3. Cases involving revocation, limitation, or denial of a passport because, under Code Sec. 7345, the taxpayer has a seriously delinquent tax liability (i.e. a tax liability of more than $50,000, adjusted for inflation).  It added this one when the legislation because effective.  You can find blog posts by the NTA through this link even though the title of our post indicates a discussion of private debt collection.  It can make a big difference to have TAS advocating for you on this issue if you need a fix in a hurry.  Keep in mind that TAS cannot perform magic here.  The taxpayer needs to be able to show that a seriously delinquent tax liability does not exist or that the taxpayer has made the necessary payment to resolve the liability; and 
  4. Cases that have been referred to a Private Collection Agency for collection of a federal tax debt under Code Sec. 6306.  This one has been around since private debt collection returned.  Nina Olson did not like private debt collection.  She is not alone.  See here and here.  She pushed to eliminate it the first time it came into existence.  She created this exception when Congress resurrected private debt collection and it has remained on the list.

The changes to the list are really changes to criteria 2. to reflect TAS’ inability to fix something.  Keeping up with the public policy list allows you to know when you can successfully obtain the assistance of TAS to advocate for a position within the IRS.  Of course, knowing the criteria other than Number 9 can also be quite helpful.  For those needing a reminder, here is a list of the other bases for seeking TAS assistance:

Economic Burden. Economic burden cases are those involving a financial difficulty to the taxpayer: an IRS action or inaction has caused or will cause negative financial consequences or have a long-term adverse impact on the taxpayer.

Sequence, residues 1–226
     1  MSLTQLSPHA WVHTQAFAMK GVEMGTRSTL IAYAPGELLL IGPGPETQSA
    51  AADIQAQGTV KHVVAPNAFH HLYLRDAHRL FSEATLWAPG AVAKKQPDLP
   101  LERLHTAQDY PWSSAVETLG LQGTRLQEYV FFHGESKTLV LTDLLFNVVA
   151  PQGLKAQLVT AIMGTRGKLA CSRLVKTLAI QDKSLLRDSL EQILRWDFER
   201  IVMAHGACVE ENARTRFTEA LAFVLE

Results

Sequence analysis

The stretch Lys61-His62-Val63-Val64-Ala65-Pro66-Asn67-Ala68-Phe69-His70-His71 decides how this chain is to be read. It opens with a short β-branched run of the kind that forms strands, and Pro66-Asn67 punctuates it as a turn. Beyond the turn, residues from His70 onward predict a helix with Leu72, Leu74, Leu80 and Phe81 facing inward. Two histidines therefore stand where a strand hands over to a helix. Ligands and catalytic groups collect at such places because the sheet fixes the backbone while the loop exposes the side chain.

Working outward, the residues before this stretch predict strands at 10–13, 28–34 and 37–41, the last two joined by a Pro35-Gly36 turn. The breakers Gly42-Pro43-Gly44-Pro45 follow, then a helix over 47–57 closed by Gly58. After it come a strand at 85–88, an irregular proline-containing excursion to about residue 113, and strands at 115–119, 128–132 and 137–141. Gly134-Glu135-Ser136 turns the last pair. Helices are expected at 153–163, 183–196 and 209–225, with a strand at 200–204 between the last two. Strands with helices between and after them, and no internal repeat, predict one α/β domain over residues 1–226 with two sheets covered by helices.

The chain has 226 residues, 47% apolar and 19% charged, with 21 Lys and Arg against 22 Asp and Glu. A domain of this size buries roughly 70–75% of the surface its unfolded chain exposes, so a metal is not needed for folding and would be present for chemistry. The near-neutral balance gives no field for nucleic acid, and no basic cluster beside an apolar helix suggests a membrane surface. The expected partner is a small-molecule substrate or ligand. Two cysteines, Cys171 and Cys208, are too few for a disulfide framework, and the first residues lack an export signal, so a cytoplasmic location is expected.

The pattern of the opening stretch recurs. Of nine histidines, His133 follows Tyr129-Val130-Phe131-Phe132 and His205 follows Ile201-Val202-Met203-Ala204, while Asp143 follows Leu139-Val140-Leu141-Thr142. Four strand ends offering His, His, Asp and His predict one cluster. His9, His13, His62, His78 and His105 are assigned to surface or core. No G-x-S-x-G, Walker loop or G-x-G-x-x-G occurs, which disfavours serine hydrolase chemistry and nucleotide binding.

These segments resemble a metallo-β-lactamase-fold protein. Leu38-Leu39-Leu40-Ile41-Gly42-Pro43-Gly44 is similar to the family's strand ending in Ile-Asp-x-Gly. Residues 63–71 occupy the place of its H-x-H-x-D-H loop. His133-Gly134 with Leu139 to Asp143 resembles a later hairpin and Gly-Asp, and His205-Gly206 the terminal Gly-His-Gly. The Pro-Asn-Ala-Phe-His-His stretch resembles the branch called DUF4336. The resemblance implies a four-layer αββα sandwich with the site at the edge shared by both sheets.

• Criteria 1: The taxpayer is experiencing economic harm or is about to suffer economic harm.
  • Criteria 2: The taxpayer is facing an immediate threat of adverse action.
  • Criteria 3: The taxpayer will incur significant costs if relief is not granted (including fees for professional representation).
  • Criteria 4: The taxpayer will suffer irreparable injury or long-term adverse impact if relief is not granted.

Systemic Burden. Systemic burden cases are those in which an IRS process, system, or procedure has failed to operate as intended, and as a result the IRS has failed to timely respond to or resolve a taxpayer issue.

  • Criteria 5: The taxpayer has experienced a delay of more than 30 days to resolve a tax account problem.
  • Criteria 6: The taxpayer has not received a response or resolution to the problem or inquiry by the date promised.
  • Criteria 7: A system or procedure has either failed to operate as intended, or failed to resolve the taxpayer’s problem or dispute within the IRS.

Best Interest of the Taxpayer. TAS acceptance of these cases will help ensure that taxpayers receive fair and equitable treatment and that their rights as taxpayers are protected.

  • Criteria 8: The manner in which the tax laws are being administered raises considerations of equity, or has impaired or will impair the taxpayer’s rights.